Sidney Miller Jr. was best known for being the founder and publisher of Black Radio Exclusive (BRE) magazine.
To aspiring Black entrepreneurs and lovers of Black music, he was a true pioneer.
In 1976, Sidney Miller Jr. and his wife Susan Miller, launched one of the first Black-owned magazines to solely focus on Black music. The magazine ran from 1976 to 2016. Prior to the magazine’s first issue, Sidney Miller Jr. was an aspiring trumpet player and a pre-med student at Florida A&M University (FAMU). Unfortunately for him, he didn’t have the luxury of going to school for free so he had to find a way to make ends meet. That’s where the origins of his music marketing genius began to blossom.
While being a native in Florida he got understand the club circuit for most music acts. Luckily he had right people in mind to help get their music journey on the right track. Miller was classmates with Jazz music greats, Julian Edwin “Cannonball” and Nat Adderley. Miller would help The Adderley Brothers and other fellows musicians booked gigs all over the East Coast. As time progressed, he even found a way to book shows for artists when he had a stint as an US Army officer.
His work on the sidelines for other artists led him to Atlanta. After being encouraged by fellow colleagues, Lou Rawls and Nancy Wilson, he would seek his first dealings in the record business. Capitol Records’ Artie Mogull recognized his talent and assigned Miller to be the head of A&R for Capitol’s Fame label. He of course brought his Florida brethren to the label, along with signing new artists like Helen Reddy, Joe South and The Fortunes.
After producing great results he found himself in California where Capitol Records gave him the opportunity to be the head of the entire promotions division, which included country & western, pop and R&B. All of this happened before 1976. That confidence in himself and the value of Black music led him and Susan Miller to make a grand decision. The two sold their house, their car and invested their savings into launching BRE.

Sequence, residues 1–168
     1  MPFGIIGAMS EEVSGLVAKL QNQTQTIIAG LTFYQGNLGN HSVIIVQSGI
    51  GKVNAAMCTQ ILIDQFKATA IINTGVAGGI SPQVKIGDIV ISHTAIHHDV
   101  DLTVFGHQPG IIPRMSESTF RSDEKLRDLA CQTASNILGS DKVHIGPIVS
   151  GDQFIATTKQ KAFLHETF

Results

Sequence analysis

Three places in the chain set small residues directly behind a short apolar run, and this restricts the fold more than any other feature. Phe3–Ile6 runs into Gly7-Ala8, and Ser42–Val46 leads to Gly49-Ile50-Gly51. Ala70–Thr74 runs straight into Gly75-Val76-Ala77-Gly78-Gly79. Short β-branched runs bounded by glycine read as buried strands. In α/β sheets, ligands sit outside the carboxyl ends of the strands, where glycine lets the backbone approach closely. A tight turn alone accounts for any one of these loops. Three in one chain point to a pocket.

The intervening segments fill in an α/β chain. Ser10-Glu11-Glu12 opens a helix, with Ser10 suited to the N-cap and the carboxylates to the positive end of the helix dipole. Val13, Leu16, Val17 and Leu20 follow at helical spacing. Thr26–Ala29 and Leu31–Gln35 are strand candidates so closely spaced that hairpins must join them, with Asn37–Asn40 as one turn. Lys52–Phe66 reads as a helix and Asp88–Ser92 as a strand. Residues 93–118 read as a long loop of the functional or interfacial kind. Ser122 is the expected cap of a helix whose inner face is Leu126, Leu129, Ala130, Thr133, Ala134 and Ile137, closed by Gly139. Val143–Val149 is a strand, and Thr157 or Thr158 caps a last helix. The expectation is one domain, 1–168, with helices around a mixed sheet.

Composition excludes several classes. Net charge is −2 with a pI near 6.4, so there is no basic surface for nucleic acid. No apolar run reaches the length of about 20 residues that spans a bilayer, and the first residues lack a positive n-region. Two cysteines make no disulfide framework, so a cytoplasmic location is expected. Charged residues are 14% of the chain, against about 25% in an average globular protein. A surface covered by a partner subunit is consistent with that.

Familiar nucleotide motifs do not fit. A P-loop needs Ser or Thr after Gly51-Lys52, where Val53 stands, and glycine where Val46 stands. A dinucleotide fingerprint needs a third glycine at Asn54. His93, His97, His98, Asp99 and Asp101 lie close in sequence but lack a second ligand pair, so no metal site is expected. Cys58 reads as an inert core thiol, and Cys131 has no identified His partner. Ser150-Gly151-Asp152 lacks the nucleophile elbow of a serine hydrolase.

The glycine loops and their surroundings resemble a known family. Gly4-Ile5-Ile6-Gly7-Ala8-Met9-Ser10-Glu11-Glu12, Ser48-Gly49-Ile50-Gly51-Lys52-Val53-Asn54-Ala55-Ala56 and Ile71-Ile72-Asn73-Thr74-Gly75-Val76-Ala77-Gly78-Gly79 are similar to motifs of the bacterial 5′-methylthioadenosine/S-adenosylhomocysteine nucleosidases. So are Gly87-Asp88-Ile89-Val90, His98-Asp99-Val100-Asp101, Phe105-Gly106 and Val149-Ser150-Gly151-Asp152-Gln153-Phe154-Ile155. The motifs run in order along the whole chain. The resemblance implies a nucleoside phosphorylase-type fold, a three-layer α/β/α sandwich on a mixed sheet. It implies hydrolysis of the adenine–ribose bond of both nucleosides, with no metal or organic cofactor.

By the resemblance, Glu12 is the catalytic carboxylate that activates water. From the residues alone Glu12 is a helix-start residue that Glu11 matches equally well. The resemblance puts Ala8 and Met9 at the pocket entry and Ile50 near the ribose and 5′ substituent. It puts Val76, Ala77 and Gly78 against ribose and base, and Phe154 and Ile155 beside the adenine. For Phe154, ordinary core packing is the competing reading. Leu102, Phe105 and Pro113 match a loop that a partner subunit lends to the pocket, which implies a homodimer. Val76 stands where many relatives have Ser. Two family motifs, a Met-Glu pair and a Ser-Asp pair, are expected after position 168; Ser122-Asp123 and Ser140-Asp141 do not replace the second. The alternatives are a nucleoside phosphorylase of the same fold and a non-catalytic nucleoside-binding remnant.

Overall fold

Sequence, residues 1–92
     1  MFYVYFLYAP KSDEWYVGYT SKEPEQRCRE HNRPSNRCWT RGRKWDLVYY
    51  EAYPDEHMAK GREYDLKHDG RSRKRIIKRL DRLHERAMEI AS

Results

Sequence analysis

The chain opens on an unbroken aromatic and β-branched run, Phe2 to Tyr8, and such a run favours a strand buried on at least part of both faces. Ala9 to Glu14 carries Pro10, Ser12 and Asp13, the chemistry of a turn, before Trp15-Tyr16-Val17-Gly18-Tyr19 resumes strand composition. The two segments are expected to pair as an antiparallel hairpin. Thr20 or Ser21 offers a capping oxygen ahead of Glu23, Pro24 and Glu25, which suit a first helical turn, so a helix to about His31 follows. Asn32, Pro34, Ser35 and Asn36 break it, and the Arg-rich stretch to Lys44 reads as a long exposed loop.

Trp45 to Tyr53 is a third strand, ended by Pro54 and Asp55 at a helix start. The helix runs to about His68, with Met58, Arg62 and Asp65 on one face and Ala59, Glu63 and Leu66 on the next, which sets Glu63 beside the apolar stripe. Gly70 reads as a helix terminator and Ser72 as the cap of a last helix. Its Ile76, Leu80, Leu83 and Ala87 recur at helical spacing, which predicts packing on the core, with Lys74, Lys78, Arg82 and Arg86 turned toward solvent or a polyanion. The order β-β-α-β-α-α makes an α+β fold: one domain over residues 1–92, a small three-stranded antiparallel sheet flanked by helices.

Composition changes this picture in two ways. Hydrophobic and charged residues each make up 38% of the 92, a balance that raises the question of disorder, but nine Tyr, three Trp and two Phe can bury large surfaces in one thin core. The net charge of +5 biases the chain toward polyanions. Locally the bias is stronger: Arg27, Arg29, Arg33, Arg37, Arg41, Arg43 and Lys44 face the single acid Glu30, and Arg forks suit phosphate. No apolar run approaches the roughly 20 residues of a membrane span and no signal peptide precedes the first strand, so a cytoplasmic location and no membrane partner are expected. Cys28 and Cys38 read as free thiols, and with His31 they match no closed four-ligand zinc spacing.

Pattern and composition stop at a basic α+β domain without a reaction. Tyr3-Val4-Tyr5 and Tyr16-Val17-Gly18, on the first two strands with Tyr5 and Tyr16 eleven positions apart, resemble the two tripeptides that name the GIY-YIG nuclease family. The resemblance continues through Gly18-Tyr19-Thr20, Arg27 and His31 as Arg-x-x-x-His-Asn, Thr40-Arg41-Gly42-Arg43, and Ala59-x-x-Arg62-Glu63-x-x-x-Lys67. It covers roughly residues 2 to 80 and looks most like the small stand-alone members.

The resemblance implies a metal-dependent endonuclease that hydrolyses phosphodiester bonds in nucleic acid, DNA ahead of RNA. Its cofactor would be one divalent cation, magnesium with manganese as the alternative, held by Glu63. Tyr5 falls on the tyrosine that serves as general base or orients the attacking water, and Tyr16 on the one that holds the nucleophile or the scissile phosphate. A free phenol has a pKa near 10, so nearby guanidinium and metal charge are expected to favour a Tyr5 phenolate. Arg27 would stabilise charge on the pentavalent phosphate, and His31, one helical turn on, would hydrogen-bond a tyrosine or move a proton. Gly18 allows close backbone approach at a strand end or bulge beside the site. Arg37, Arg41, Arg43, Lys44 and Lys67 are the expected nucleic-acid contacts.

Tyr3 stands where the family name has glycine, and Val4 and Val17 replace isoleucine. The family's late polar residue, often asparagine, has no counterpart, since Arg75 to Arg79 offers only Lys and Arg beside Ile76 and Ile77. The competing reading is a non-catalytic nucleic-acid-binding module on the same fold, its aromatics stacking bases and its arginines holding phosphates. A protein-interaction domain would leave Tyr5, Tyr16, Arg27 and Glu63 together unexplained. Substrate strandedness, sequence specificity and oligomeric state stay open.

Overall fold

In the golden days of the magazine, they promoted and celebrated Black artists from every juncture of music. From Aretha Franklin to Three 6 Mafia, Black Radio Exclusive magazine helped push Black culture and its music in the right direction. While the magazine was performing well, Miller brought on another component to his business ventures. The Annual BRE Conference sought to bring Black people within the music industry, to create and inspire. A number of legends performed at the conference including Prince, Michael Jackson, Sade and Stevie Wonder.
You can actually view some of the covers and stories within BRE’s 40 year history, right here.
Sidney Miller Jr. has always been about helping and showcasing Black talent. Miller even helped create one of the first live satellite radio shows with WBLS legend Frankie “Hollywood” Miller. He has also served on the board of directors for many organizations providing his expertise. The Living Legends Foundation, Nara’s MusiCares Foundation, The Evander Holyfield Foundation, The National Black Programmers Coalition, The New Orleans Music Commission, The Atlanta Music Commission and The Washington, DC Music Commission. His commitment to music has driven him to awards like a NAACP Image Award and a 2019 Living Legends A. D. Washington Chairman’s Award.
Sidney died at the age of 89 due to COVID-19 complications, a week after his birthday.
Sidney Miller Jr.’s contributions have, and always will be felt.
The Living Legends Foundation – Sidney Miller Tribute
For more news, go to classixphilly.com.
Black Radio Pioneer Sidney Miller Jr., Has Passed Away was originally published on classixphilly.com